This is a guest post by Johanna Cider, an Educator and Freelance Writer from Wellington, New Zealand.

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How to Cultivate Mindfulness in the Classroom

For teachers as much as for students, the classroom can be a stressful place. It’s supposed to be a hive of learning, and yet distractions can abound, and interruptions can totally overwhelm our individual sense of calm. So just how can you make sure that you and the rest of the class remain mindful and conscious amidst the fray?

If you’re struggling to maintain emotional equilibrium when students misbehave or when your own preoccupations threaten to get in the way, then read up. These simple tips for practicing mindfulness in the classroom should equip you with precisely the coping mechanisms you need to regain a sense of calm.


  1. When you break, do it with passion!

A break is called a break for a reason! And especially since they come so far and few between for us educators, it’s vital that when the bell rings for morning tea or lunch, we really commit that 15 or 30 minutes to recharging our batteries proper. Take time to head outside or find a comfy spot indoors if the weather is looking wild – that means putting phones and other devices away, steering clear of any other type of screen, and dedicating some you-time to just resting.

Don’t think about how little time you have to go when you begin a break, because that mindset will just make the minutes tick over faster. Instead, start your break in leisurely style, and focus on planting your feet firmly within each minute that you’ve got to work with. You’d be amazed how much you can slow down time simply by putting your mind to it.


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  1. Pay attention to each sensation

Our five senses are true gifts, and each one is designed to connect us more strongly to the outside world. Even during class time, you can train your brain to focus in on these sensory experiences during a lull in activity or a pause in discussion, so that you don’t just float through your teaching hours feeling disembodied.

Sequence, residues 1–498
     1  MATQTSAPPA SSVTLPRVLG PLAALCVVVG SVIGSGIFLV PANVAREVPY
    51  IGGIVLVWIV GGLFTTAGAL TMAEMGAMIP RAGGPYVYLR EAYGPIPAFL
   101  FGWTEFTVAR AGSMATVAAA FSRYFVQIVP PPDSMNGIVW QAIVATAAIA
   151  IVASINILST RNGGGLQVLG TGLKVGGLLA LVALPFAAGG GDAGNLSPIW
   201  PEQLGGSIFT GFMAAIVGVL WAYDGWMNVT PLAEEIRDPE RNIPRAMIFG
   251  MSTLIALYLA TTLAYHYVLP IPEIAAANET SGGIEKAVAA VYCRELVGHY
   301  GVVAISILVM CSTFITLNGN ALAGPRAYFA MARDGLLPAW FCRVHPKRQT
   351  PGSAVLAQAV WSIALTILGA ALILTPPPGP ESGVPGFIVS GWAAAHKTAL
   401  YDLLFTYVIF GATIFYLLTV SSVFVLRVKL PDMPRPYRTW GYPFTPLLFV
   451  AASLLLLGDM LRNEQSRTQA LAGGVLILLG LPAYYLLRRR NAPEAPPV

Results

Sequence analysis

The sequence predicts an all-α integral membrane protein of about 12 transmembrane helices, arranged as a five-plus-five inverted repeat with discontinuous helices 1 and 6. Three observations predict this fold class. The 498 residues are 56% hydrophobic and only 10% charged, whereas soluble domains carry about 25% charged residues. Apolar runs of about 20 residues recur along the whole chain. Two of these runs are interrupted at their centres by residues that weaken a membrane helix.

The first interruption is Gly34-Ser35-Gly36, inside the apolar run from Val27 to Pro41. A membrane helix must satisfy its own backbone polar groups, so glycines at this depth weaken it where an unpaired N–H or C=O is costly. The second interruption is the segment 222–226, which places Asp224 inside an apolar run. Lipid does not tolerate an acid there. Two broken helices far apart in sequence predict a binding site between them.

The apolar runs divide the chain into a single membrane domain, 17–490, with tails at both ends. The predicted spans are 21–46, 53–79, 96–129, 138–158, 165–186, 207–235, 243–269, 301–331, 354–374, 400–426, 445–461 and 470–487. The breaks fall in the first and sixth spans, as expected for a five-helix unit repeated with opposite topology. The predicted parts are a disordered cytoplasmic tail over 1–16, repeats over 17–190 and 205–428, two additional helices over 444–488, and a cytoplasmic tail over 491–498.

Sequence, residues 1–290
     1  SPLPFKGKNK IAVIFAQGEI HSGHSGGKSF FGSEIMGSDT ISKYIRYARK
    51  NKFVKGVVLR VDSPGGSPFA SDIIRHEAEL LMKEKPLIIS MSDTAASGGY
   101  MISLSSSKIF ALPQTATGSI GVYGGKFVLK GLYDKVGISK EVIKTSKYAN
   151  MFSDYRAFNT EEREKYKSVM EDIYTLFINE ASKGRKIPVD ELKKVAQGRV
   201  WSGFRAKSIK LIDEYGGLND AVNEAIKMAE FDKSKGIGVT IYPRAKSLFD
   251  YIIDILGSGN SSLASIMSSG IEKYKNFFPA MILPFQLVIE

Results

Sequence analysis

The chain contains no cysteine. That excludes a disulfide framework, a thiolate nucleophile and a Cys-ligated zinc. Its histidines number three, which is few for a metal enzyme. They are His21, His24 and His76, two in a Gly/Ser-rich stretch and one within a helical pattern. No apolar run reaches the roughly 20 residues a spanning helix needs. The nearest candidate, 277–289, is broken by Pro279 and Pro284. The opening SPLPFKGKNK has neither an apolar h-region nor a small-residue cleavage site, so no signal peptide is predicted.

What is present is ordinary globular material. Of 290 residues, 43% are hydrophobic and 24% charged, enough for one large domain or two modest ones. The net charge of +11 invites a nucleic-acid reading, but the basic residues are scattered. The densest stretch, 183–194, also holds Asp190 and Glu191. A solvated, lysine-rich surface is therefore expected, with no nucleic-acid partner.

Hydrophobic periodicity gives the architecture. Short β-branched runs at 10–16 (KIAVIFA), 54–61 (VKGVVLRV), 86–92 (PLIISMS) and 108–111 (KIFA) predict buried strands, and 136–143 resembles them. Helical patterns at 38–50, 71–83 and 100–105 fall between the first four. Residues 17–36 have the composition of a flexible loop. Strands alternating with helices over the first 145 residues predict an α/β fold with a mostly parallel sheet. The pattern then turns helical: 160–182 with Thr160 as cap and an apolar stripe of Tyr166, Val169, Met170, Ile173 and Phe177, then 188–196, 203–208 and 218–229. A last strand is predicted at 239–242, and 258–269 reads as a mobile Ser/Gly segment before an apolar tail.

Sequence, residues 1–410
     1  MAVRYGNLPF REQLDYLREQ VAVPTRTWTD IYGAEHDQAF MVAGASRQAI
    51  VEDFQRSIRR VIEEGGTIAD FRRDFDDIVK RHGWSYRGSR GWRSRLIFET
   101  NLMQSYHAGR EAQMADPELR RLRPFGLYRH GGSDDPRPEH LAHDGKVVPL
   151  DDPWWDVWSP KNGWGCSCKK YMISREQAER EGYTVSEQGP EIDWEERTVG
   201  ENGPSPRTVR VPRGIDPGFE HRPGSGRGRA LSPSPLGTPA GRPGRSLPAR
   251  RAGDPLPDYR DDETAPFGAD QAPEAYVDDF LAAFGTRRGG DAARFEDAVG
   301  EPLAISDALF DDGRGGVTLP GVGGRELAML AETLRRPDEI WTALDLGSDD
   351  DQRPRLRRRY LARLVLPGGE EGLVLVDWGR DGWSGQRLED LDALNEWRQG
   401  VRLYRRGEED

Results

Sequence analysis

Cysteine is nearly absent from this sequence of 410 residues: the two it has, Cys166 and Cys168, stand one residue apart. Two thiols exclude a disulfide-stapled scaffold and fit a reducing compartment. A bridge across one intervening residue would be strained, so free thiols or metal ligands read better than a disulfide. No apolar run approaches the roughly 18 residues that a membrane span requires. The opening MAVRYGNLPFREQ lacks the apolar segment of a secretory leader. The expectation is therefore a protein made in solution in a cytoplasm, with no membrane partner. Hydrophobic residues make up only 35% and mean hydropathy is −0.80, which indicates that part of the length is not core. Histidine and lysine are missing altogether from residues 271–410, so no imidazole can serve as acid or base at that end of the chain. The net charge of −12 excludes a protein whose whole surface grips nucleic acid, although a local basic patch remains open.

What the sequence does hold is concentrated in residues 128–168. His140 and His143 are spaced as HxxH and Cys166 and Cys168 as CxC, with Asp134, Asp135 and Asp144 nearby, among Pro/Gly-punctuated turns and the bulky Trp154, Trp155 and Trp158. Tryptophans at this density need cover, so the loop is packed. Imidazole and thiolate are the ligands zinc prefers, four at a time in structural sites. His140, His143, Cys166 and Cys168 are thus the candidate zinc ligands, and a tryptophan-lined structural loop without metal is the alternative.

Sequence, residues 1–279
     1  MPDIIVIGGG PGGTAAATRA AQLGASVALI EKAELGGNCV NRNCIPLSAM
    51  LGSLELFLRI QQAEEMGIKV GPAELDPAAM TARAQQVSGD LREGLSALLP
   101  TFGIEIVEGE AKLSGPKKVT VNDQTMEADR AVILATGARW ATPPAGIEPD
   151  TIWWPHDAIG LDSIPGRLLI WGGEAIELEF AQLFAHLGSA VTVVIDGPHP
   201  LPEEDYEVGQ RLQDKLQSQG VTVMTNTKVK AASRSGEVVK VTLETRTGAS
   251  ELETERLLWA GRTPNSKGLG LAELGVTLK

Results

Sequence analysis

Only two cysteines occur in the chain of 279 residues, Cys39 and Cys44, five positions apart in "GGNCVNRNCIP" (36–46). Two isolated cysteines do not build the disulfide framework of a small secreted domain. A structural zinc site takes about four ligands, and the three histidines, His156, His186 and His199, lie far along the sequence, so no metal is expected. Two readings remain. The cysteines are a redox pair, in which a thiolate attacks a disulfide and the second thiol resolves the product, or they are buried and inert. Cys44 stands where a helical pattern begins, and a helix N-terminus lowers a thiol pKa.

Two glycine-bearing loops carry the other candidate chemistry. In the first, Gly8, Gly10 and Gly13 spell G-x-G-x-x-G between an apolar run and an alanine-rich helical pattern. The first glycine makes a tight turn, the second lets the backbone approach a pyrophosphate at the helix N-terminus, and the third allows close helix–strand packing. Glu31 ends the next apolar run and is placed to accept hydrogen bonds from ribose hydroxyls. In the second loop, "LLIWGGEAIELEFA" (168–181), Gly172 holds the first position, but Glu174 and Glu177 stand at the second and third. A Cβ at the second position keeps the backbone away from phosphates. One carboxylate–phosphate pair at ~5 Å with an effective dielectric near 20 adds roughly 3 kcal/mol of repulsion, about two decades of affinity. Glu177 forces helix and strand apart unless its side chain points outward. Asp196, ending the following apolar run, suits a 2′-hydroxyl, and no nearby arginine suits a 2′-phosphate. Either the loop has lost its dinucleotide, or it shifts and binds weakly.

The sensations you might focus on can be as simple as the feeling of cold water running down your throat, or the glorious sensation of soft grass under your toes as you supervise a sports game on the school field (the literal meaning of “feeling the ground beneath your feet”!).


  1. Practice patience with yourself and others

Both for students and their teachers, patience is a true virtue in the classroom setting. often, it’s often the only thing standing between self-management and the odd outburst! Patience means stopping and thinking so that you can truly absorb the situation or interaction at hand, and so make a reasoned decision about how to proceed. Patience allows teachers to evaluate issues calmly and with attention only to the immediately-relevant circumstances (rather than to the worst-case scenarios we tend to foresee in our heads).

Imagine yourself as a tree with thick roots, standing immovable while a storm assaults you. What do you do? You stay standing – and gather all your intellectual resources to respond like the master of mindfulness that you are.


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  1. Plan some quiet time into your days

Spend a few minutes per day for quiet time – and if possible, combine that silent time with gratitude practice. You might keep a thankfulness journal and write down all the things that you’re grateful for, or perhaps you just want to keep track of how you’re feeling each day. Whatever the mechanism, these moments of reflection encourage us to press “pause” on our lives and capture a snapshot of ourselves at a particular period in time.

You might even incorporate reflection into your lesson structure. By inaugurating the habit of a ‘mindfulness moment’ at the start of every class – in which everyone spends five minutes writing down what they’re thankful for – you’ll be bringing mindfulness into everyone’s orbit.

Johanna is a voracious reader who especially enjoys mystery and crime fiction. She also likes writing down her thoughts in her diary. To know more about Johanna, you can easily connect with her on Tumblr.